• “The secret is not to dream,” she whispered. “The secret is to wake up. Waking up is harder. I have woken up and I am real. I know where I come from and I know where I’m going. You cannot fool me anymore. Or touch me. Or anything that is mine.” Terry Pratchett
    The Wee Free Men

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Sometimes I Want To Be More Substantial Than A Reblog

There’s a thing going around tumblr that I’ve now seen a half dozen times, most recently here, which is:

Reblog if you tell yourself a “bedtime story” at night to help yourself get to sleep

It can be anything…a fanfic, a headcanon, a personal fantasy, an original story, smut, whatever. Just reblog if you think up some kind of fiction to yourself to help you fall asleep.

This is a story about my muse.

I am in the habit of referring to him as my daimon, based on Caitlin Matthews’s In Search Of Women’s Passionate Soul: Revealing the Daimon Lover Within. (After all, men have spent so many centuries personifying their spirit of inspiration as a woman, why shouldn’t I have a muse I might call ‘he’?)

Once upon a time, he was something like a boy I knew. Back in the dark ages, or, as commonly named, the 1980s. The wilds of elementary school were complicated, but there was this brilliant, funny, fast-running, artistic boy with an edge of wildness to him, and he fascinated me. I imagined growing up and marrying him, with all those earnest childhood pangs of someone who knows nothing about relationships and yet has found someone fundamentally appealing, some inner chord struck that leads to imaginings of future domesticity without any of the context of adulthood.

It came to nothing, of course; I moved, we lost touch, life goes on.

But this idea stayed with me.

And I started out telling myself stories about him. Eventually I got a little anxious about telling stories about him, specifically, given that I was fairly certain I might have gotten some of his responses Wrong, so I started telling myself stories about people that were Just Based On Him. Standard fairy-tale fantasy self-insert fare, you know, noble knights on flying unicorns rescuing princes trapped in towers. (I know that sounds a bit Lisa Frank in bits, and it actually was a bit less rainbow sparkly than it looks at first glance, but I am not making excuses for the 1980s, I am fairly certain it was not my fault.)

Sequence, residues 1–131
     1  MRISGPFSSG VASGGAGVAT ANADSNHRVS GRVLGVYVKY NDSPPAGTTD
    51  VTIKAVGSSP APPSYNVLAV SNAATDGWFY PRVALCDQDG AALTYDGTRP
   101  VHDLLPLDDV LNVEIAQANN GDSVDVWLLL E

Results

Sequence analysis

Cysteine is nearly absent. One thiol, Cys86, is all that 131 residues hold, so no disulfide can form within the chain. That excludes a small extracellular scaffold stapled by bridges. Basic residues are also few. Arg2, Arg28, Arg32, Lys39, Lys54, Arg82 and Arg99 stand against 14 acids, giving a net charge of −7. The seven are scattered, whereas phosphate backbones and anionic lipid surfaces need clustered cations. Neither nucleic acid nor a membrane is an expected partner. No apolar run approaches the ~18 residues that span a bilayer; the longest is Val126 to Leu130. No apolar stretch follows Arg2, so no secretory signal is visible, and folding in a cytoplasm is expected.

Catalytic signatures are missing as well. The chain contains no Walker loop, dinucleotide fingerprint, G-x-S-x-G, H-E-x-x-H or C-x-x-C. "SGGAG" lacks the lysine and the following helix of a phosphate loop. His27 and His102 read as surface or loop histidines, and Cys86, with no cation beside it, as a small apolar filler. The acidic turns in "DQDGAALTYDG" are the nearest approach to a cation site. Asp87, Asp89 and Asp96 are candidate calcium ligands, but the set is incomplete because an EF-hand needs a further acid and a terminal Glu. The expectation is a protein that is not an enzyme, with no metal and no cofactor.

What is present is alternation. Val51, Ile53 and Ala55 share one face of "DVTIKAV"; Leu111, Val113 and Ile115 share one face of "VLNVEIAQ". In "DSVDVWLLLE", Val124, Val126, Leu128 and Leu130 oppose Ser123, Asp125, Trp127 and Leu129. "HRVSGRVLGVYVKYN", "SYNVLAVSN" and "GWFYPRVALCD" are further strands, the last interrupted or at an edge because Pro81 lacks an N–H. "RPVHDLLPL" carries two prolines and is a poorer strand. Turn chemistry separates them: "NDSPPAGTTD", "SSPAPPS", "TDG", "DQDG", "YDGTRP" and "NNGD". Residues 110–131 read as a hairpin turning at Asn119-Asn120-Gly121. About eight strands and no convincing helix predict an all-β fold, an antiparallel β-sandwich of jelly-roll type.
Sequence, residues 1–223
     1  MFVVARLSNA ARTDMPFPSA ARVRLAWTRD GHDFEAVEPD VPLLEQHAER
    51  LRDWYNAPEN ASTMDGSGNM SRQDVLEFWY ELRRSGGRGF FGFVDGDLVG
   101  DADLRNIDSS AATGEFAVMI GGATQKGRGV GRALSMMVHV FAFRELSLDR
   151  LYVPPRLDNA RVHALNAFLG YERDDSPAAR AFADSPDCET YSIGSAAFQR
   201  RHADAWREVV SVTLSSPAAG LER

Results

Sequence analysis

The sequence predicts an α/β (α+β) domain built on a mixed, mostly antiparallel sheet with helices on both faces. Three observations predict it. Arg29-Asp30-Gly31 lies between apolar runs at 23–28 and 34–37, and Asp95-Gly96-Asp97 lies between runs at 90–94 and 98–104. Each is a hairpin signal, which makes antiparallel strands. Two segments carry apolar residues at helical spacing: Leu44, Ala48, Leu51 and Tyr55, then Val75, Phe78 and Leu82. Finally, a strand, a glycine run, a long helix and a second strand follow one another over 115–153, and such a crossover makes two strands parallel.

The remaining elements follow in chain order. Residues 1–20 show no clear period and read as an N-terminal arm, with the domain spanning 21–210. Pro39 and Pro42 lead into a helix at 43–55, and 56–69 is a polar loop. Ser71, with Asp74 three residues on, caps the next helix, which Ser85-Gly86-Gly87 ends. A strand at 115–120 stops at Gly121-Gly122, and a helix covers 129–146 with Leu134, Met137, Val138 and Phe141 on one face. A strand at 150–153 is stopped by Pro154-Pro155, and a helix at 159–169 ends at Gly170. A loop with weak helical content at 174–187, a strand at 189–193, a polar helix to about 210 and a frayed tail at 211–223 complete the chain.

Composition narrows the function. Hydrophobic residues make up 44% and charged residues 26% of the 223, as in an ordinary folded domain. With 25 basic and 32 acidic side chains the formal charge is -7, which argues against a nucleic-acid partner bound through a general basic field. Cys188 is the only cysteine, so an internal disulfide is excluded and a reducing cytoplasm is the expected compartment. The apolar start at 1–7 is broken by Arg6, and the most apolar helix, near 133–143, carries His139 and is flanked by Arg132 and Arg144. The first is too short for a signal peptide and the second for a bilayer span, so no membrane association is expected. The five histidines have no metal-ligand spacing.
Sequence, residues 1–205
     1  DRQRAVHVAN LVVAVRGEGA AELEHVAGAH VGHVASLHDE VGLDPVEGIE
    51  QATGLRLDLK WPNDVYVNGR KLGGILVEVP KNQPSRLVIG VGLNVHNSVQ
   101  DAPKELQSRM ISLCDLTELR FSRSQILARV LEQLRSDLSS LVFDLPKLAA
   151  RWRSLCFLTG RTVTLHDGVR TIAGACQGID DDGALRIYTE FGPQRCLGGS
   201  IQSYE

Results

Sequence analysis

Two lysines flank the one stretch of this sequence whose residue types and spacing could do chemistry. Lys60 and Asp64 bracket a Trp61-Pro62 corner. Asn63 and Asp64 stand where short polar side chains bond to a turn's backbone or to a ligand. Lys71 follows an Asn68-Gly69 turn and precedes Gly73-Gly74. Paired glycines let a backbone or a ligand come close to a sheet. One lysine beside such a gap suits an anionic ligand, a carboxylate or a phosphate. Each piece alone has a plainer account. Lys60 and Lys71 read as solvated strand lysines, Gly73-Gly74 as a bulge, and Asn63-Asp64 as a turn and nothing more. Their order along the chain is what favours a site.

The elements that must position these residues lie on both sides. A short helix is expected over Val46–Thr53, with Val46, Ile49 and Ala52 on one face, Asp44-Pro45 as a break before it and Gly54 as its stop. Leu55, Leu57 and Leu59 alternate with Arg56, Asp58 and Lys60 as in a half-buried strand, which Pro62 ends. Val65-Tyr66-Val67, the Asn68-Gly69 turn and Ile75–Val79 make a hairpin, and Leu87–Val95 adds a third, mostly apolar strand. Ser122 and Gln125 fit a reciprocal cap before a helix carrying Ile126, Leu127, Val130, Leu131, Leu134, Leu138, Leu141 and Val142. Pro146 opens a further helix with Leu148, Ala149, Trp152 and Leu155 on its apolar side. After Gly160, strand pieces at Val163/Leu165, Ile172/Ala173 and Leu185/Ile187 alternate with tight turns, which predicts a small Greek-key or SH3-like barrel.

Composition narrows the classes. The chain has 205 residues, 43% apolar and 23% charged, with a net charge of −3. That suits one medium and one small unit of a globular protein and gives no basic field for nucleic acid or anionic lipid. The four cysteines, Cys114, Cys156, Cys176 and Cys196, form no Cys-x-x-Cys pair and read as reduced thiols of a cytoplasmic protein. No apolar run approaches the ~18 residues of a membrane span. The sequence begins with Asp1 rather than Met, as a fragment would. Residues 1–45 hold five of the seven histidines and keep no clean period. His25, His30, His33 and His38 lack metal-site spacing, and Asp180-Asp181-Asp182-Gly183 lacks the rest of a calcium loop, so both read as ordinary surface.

And I would tell myself these stories at night, going to sleep. Then I started writing them down, and drawing pictures of them. (I had thousands upon thousands of words of the flying unicorn thing with the knight in black armour who kept her visor down like Eowyn so nobody would know before I was ten. She had a sidekick who had a baby dragon after a joust with a big dragon that was menacing a village led to liberating an egg. They were Heroes.) There was a wounded prince in a tower, in need of rescue from various Forces of Evil, and feeling unloved because of his disability, but my self-insert would save him. And so on.

I got older. My plots got more intricate, less deeply entangled with yearnings, but the skills that came from exploring those yearnings are the same whether or not the story is a childish romantic quest or a space opera about a genetically engineered plague or some other thing.

My muse comes to me sometimes in dreams. Sometimes he wears that boy’s face; sometimes he wears the faces of other men I’ve known; sometimes he wears other faces entirely. I always know it’s him, that daimon lover, that creative power that is and is not myself, that is the otherself that I pursue with my arts. He is my interior opener of the ways to the greater Story, and I have loved him for a very long time.

And that holy relationship, it comes from a child telling stories to go to sleep by.

Stories are important.

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